MyPrivateBanking Blog
Daily Comments on the World of Wealth Management

Posts Tagged ‘social networks’

How banks can become part of their clients’ personal brand

Monday, November 25th, 2013

Evan Spiegel, the founder of Snapchat has been in Europe since turning down the $3 bn offer from Facebook. He has repeated some of his interesting insight and analysis of the social media scene. These include his observation that, unlike Snapchat - which is genuinely recreational in character - Facebook, Twitter and others are all to do with personal branding.

Whether or not you consider personal branding to be cool - Evan Spiegel seems not to - we wonder what kind of private banking would align itself well with possible personal brands. The possibilities for personal branding must be almost endless and no bank could expect to match more than a fraction of them. Nevertheless, there must be some basic pointers that private banks would be well advised to pay attention to.

First off, very, very low rates of interest on clients’ cash deposits is a contemporary fact of life that doesn’t sit well with anyone’s personal brand; it probably makes the customer feel like a sucker. So bankers have plenty of ground to recover in other ways to make clients to want to include them in their personal brand.

The strategies that could help here are an energetic approach in areas like corporate social responsibility and sponsorship. Another area where there is scope for banks to make themselves more appealing is through gaining a reputation for their business banking services to inspiring entrepreneurs or interesting brands.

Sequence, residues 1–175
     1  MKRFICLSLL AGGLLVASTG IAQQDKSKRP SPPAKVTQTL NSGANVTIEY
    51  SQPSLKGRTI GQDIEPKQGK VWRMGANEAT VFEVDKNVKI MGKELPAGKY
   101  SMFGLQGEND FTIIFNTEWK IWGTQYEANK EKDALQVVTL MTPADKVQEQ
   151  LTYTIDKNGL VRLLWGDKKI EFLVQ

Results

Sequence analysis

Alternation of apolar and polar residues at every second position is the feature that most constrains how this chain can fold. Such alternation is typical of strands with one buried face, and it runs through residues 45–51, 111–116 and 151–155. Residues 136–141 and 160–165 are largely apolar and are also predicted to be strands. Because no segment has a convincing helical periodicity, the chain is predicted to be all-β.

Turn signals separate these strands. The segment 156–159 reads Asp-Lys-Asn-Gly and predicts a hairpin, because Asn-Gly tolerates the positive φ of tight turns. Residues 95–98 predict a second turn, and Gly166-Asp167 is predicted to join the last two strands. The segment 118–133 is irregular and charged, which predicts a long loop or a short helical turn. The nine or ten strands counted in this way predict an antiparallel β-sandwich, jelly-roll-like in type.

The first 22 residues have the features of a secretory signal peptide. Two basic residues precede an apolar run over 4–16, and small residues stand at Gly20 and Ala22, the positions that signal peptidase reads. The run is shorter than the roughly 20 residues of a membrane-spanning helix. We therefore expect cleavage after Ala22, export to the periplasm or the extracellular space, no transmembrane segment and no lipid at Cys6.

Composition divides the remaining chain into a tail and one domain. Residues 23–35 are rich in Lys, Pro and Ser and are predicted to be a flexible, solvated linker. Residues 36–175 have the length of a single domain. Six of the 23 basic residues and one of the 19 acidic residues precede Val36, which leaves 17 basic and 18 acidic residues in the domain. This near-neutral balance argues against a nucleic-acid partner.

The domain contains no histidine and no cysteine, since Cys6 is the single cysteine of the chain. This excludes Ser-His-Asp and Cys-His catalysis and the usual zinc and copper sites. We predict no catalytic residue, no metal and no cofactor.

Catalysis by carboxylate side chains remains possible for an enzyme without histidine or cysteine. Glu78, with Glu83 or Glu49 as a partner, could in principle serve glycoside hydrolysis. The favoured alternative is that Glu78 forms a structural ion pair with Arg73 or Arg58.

A bank that is actively (and helpfully) contributing to the market for ideas about investment, economics and business in general will also find that it can become part of clients’ personal brands more easily. If the bank has staff with a recognized media presence on old media and/or new, the likelihood of gaining a place in a customer’s personal social media brand is all the greater.

All these are factors that can make a difference to a bank’s reputation not only among those who cultivate a personal brand but also banks’ less self-aware clientele. However, no private bank has a chance of building the kind of profile that clients like to associate themselves with on social media unless it engages with social media itself.

Our new report on “Social Media for Wealth Management” will be published next week.

(This post is authored by our senior analyst Francis Groves)

 

ISSUU: How Great is its Potential as Social Media for Business?

Thursday, December 6th, 2012

At first glance, ISSUU seems to be filling a significant gap in the range of social media: providing a way for banks and other businesses to engage with the public through print publications in the same way that YouTube provides a vital outlet for corporate video content. The site passes the first test, of providing a lot of attractive content. If you want a beauty parade for publishers and graphic designers, ISSUU is a good place to go. However, the site has yet to be included among the fairly select group of Internet presences that have become meeting places on a mass scale. To achieve that status, ISSUU needs to recognize that readers (and that’s who most site visitors will be) are more concerned with finding individual articles of interest than admiring a magazine cover to cover. They need more help from the site, probably in the form of (blog-style) tags for articles. The finance industry has to accept that their material will be jostling for readers’ attention alongside competitor offerings. If ISSUU insists on always preserving the integrity of individual publications in presenting content, it won’t become the channel of choice for finance industry players to grow their readership.

ISSUU

ISSUU

 

Facebook Banking Finally Arrives

Friday, July 20th, 2012

Fortune is reporting that Australia’s Commonwealth Bank and Facebook are quietly building the first Facebook banking app:

“Facebook is quietly planning just such an offering with Australia’s Commonwealth Bank. Currently in an internal beta, with the first version built in March, the application is expected to launch sometime this year to customers. It will allow Facebook users who are bank customers to make payments to third parties as well as Facebook friends through the social media channel, according to the bank. Commonwealth will secure transactions with its own authentication system — similar to how payments are secured on its online and mobile banking site, a spokesperson says.”